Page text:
TOKYO—Tens of thousands of people protested against the nation’s first nuclear reactor restarts at the Japanese prime minister’s residence Friday, in one of the largest demonstrations since the accident at the Fukushima Daiichi plant last year set off wide opposition to nuclear power.
The massive demonstration was called to protest a government decision to restart Sunday two reactors at the Oi plant in western Japan. It was the 14th demonstration organized by a coalition of anti-nuclear groups outside the premier’s residence since March 29.
Organizers estimated the number of participants to be more than 100,000. The National Police Agency, which also releases estimates, was unavailable for comment.
After the accident at the Fukushima Daiichi nuclear-power plant last year, concerns about plant safety and public opposition kept plants that were closed for routine maintenance offline. By early May, every operating plant had been closed.
The looming restart of the two Oi reactors, a decision made by Prime Minister Yoshihiko Noda’s administration amid power-shortage concerns, seems to have galvanized support for Friday’s demonstration.
The sidewalks in front of the prime minister’s office and near the Parliament were overflowing with protesters. Some participants carried handwritten signs, while others held aloft elaborate placards reading “No Restarts.”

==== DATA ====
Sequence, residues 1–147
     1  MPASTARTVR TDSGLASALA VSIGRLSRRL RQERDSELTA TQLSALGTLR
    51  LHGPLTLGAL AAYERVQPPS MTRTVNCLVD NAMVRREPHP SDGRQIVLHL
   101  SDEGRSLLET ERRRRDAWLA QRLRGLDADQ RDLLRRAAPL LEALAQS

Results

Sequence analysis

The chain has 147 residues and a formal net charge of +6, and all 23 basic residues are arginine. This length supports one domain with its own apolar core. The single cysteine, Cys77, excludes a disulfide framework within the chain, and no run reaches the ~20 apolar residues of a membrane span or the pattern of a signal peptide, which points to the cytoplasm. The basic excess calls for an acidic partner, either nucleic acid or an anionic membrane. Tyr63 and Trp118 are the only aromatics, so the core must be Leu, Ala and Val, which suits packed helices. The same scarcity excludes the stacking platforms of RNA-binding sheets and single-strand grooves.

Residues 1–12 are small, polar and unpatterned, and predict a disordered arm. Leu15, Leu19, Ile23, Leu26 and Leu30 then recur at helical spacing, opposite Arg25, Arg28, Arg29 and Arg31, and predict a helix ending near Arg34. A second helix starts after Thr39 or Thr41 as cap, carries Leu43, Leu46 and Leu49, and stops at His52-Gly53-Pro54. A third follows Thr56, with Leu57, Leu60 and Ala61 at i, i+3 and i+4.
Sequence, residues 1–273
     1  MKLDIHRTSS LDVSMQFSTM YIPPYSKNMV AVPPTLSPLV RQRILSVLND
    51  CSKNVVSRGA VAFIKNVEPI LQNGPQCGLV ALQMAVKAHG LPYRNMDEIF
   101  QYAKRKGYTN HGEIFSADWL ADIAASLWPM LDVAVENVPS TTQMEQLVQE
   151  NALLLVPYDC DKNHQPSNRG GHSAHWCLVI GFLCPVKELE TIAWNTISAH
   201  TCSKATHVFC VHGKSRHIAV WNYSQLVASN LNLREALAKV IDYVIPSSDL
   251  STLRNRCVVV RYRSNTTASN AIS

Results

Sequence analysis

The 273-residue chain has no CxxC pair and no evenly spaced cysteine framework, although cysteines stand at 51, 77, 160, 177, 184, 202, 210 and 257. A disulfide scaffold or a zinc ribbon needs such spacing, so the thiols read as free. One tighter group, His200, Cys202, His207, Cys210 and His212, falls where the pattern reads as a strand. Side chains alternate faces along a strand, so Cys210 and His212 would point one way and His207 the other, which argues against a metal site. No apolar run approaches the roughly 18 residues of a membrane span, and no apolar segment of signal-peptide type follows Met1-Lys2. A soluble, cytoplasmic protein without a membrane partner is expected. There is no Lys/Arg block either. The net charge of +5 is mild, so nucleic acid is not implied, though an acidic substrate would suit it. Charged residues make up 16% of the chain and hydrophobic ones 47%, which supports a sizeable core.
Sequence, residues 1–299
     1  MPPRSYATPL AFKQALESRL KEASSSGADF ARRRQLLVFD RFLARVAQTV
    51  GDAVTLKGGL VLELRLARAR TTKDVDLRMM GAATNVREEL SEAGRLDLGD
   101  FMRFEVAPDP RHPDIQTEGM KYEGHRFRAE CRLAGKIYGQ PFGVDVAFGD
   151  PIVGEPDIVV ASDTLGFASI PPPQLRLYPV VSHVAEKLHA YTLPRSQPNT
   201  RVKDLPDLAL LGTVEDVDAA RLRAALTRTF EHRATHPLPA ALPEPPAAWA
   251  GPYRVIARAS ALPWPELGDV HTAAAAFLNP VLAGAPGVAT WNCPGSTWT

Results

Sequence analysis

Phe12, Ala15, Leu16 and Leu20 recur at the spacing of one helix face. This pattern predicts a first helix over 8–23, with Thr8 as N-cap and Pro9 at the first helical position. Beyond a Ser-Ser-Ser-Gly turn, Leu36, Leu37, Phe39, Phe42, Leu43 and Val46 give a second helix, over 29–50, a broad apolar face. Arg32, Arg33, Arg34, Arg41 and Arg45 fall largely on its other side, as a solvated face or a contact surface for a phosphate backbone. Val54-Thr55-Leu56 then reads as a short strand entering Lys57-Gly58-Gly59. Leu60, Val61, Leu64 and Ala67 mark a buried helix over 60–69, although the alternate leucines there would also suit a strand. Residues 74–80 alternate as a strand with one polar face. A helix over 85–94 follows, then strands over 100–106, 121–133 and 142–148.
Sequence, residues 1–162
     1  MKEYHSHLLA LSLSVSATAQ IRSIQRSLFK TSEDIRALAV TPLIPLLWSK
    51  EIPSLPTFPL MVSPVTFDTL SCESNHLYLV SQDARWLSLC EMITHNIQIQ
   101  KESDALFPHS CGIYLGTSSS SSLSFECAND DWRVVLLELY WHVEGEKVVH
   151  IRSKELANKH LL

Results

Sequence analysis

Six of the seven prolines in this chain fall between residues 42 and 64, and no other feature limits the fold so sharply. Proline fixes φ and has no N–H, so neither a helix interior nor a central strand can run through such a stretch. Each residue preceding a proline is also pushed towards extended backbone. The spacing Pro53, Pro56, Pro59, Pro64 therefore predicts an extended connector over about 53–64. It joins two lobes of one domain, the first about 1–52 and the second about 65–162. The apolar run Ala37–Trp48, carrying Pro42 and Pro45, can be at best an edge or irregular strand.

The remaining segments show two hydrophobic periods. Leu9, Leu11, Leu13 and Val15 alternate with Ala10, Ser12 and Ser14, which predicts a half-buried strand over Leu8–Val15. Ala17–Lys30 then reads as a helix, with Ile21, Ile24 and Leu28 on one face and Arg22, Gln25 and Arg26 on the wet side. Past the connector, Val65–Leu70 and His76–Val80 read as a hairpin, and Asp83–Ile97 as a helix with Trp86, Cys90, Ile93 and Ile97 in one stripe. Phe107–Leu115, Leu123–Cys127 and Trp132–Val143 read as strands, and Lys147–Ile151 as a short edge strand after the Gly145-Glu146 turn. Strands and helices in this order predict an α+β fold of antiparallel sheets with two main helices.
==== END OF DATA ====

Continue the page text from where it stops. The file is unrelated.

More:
For more than two hours the crowd kept up a rhythmic cheer of “Against the restarts, against the restarts, against the restarts.”
Asako Miyashita, 33 years old, was marching for the first time with her three- and five-year-old sons, after learning about the event from her favorite actor on Twitter.
According to the organizers’ website, the numbers typically joining previouis demonstrations outside the prime minister’s residence have grown from 300 people to over 45,000 the previous week, helped by people spreading the word on the microblogging site.
Kozo Suzuki, 38, who works for a real-estate agent in Tokyo, showed up at the rally in a suit after coming directly from work.
He said he was indignant about the government decision to restart Oi, adding that he joined the rally because “there is no place to express our opinion.”
As night fell on the crowds, participants took turns holding a microphone and delivering their views on the issue. A young man, holding the mic in one hand and a hydrangea in another, addressed the prime minister’s residence: “How do you think you can protect us?”